Are Wii U Accomplishments needed?


It was within StreetPass Mii Plaza that Nintendo had first shown any indication of adopting an overarching accomplishment system.

Yet, despite Nintendo of America front man Reggie Fils-Aime’s confirmation of plans to incorporate such a system on Wii U, nothing has surfaced so far. In fact, it fell to Scribblenauts Unlimited developer 5th Cell, rather than Nintendo themselves, to later clarify that developers could only cater for in-game accomplishments, with no system-wide implementation being apparent.

Such clear indecision by Nintendo is confusing at best, not least to us as a fanatical consumer but also for the developers themselves. The benefits to social interaction, replay value, and even software sales are undeniable, so whilst essentially treading in the footsteps of competitors it’d make perfect sense for Nintendo to align itself with the broader industry.

Xbox 360, PlayStation 3, Steam, and iOS each reward players for their time and effort, but what truly makes them so popular?

Microsoft initially got the ball rolling with their achievement system on Xbox 360, with players able to claw ‘Gamerscore’ through completing varying criteria on retail games. Tied to the player’s Gamertag, such superfluous gains are then able to be viewed by others – an existential record of your gaming prowess.

Whilst worthless for any other means, its effusively addictive nature captivated the attention of gamers – leading to sleepless nights across the globe as many sought to gain the full 1000G compliment.

It’s perhaps a distant memory now, but even the PlayStation 3’s trophy system wasn’t available at the console’s launch – Sony underestimating the demand for such a digitised treasure trove of achievements.

Introduced through a firmware update over a year after the console had launched, Sony’s brought their weight to bear as players gallivanted their way to Platinum trophy stardom. This later spread to PS Vita, granting the ability to trophy hunt on the go.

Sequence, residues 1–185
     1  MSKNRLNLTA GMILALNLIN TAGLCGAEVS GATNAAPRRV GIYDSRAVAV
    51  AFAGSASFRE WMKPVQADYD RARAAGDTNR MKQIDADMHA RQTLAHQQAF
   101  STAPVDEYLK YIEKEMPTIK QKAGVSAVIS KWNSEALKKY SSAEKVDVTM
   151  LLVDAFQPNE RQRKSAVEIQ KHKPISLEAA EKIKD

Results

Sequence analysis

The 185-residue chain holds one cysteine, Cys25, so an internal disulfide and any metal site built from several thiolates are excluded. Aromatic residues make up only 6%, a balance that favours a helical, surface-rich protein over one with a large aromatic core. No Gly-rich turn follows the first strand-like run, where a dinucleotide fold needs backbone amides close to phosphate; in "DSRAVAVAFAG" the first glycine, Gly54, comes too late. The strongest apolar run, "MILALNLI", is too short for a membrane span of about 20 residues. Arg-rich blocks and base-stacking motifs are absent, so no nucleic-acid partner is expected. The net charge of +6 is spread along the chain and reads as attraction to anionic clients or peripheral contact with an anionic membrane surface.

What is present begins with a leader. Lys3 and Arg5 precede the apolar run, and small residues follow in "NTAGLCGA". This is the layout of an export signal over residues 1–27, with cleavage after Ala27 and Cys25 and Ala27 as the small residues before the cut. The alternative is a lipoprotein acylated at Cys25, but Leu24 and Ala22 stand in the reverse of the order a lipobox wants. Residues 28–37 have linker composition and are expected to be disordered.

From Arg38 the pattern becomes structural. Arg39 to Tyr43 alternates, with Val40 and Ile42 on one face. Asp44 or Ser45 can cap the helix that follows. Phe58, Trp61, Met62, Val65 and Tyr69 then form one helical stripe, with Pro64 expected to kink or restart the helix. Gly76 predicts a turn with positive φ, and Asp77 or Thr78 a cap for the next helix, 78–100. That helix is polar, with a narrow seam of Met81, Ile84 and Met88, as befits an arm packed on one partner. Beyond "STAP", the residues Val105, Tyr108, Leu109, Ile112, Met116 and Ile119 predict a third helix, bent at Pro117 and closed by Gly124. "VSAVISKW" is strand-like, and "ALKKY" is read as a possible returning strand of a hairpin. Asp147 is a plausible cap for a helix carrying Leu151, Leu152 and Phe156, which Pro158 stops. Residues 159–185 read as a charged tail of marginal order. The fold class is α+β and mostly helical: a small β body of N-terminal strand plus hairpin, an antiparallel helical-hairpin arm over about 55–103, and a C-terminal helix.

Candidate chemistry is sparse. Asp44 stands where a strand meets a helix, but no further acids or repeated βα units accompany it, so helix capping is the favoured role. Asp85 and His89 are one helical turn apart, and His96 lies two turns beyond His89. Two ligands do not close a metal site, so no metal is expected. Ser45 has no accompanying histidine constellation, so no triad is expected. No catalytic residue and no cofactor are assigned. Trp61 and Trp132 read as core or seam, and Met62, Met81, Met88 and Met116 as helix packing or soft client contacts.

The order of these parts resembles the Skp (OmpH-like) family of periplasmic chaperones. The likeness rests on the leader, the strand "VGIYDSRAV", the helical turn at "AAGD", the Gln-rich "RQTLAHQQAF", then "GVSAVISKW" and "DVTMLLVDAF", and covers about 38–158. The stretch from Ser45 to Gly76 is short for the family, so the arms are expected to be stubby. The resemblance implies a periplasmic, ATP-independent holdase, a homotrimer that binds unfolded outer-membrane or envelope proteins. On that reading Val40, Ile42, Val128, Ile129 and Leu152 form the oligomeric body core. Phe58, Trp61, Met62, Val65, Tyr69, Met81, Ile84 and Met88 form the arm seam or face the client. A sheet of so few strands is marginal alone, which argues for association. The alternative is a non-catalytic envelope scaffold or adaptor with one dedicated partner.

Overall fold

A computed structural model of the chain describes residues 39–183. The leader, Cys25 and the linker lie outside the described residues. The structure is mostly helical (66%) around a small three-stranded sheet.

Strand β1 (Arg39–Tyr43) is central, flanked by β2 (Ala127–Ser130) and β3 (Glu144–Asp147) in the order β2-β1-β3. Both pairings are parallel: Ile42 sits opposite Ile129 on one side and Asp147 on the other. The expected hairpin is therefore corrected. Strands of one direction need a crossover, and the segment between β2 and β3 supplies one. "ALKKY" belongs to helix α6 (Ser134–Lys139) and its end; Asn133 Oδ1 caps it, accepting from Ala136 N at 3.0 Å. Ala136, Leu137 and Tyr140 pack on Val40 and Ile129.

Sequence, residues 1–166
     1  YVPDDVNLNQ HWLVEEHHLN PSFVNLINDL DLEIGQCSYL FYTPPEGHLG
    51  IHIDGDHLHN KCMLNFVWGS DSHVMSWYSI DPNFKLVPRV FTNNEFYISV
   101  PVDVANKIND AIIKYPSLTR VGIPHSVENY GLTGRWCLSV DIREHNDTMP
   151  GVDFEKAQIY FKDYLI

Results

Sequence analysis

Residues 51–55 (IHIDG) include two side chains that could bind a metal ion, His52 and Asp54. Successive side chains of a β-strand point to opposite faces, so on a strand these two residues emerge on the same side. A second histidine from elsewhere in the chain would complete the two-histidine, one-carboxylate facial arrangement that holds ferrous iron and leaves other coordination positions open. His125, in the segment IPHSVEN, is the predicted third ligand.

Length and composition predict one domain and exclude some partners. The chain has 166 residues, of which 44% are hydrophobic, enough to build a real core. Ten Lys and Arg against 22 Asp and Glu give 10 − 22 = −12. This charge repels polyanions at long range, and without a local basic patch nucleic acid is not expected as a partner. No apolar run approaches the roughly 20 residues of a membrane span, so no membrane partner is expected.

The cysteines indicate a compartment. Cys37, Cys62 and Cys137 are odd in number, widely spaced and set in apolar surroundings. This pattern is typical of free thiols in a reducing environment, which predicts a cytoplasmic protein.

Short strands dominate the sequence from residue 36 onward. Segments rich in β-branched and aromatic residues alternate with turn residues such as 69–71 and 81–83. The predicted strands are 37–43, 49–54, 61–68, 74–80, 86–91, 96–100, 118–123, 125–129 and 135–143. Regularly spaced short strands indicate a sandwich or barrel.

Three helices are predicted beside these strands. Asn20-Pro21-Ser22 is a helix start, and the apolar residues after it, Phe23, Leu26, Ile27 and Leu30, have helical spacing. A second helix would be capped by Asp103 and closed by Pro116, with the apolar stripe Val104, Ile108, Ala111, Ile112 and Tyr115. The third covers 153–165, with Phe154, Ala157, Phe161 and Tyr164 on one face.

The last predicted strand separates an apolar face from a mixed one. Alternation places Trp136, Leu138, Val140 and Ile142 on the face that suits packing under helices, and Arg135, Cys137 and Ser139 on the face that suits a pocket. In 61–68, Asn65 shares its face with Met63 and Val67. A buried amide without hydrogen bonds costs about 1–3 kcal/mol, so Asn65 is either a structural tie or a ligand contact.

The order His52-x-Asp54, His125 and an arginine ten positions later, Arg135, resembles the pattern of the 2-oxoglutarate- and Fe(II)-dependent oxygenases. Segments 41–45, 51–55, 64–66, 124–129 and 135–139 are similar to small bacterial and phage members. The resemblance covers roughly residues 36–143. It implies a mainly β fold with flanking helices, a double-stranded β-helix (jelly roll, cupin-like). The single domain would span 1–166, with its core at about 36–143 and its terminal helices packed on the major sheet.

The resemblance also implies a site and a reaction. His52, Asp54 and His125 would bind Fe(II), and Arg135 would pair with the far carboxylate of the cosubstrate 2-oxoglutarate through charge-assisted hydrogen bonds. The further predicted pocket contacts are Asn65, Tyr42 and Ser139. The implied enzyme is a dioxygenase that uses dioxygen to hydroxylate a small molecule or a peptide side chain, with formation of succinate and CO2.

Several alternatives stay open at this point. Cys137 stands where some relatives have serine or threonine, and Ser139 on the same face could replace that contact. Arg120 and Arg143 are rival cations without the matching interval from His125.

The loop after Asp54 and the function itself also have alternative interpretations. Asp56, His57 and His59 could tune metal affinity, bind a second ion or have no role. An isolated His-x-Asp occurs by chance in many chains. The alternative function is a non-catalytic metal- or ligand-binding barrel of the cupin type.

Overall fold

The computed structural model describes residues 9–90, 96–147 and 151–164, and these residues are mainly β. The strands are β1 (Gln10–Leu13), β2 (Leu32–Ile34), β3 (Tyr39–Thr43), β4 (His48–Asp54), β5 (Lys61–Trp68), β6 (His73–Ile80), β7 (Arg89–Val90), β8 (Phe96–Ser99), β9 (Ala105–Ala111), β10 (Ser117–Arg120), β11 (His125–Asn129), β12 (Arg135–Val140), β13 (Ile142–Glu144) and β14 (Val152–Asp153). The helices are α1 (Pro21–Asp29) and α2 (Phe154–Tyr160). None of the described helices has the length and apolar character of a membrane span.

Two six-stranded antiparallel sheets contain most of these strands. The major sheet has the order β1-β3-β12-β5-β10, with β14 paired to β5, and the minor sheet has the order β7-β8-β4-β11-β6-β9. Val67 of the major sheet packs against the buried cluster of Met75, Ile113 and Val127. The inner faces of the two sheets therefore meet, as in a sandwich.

There are arguments for and against such systems. On the one hand, with limited available time to play through games it’s sometimes nice to move on straight away beyond completion, yet on the other I’ve always enjoyed comparing my own progression with friends and sharing anguish over frustratingly challenging objectives laid out by developers.

It’s also pushed me to discover new ways to play games with Dishonored being a recent example, tasking the player with both stealth and gung-ho tactics. Similarly, in seeking to increase personal achievement or trophy quantities, I’ve also ashamedly picked up games purely for boosting my scores. Sad from my perspective, but a subversive encouragement for steady software sales momentum.

Then again, whilst Miiverse has proved a wondrous experience, the only indication Wii U owners have of how far others have progressed is a small box with a tick – designating over one hour of playtime on individual games. I’d argue that we need more than this, and accomplishments could be an easy solution – I will continue to barely check my Friends List otherwise.

Nintendo will always stay the course, pursuing their own creative ideals regardless of criticism. Yet their openness in listening to their bustling Wii U community through Miiverse is becoming readily apparent.

With Miyamoto’s recent comments regarding how the Wii U will “be very much improved over how it’s performing currently” by summer, it is clear that Nintendo can work to adapt their latest console in response to community demand. Which therefore begs the question are Wii U accomplishments needed, and would you see them as a benefit?

Comments 1
  1. We don’t need system wide achievements..

    I don’t see why people push for this so hard. It costs money, which means people who don’t care for them will have to pay money towards it. (Yes, it cost servers to hold all this, extra dev time to implement it, etc)

    it should be on a developer by developer basis… Some devs/publishers can easily afford it, other indie devs hardly have enough money to make their game in the first place, let alone be forced to add additions after the fact (Time is money, and its especially critical to indie devs who have a finite amount of cash)

    What I don’t get is why do people want an arbitrary metric to motivate them to play a game… Perhaps you are playing really terrible games if you need achievements to find motivations to play it? I usually only play games that are fun, and they are so fun that they keep me motivated playing on their own without some phony metric to keep me there…. Assassin’s Creed 3 was terrible and hard to stay motivated to play past the 7th sequence, perhaps we should stop playing crappy games like this and play games that are actually, you know, fun?

Leave a Reply

Your email address will not be published. Required fields are marked *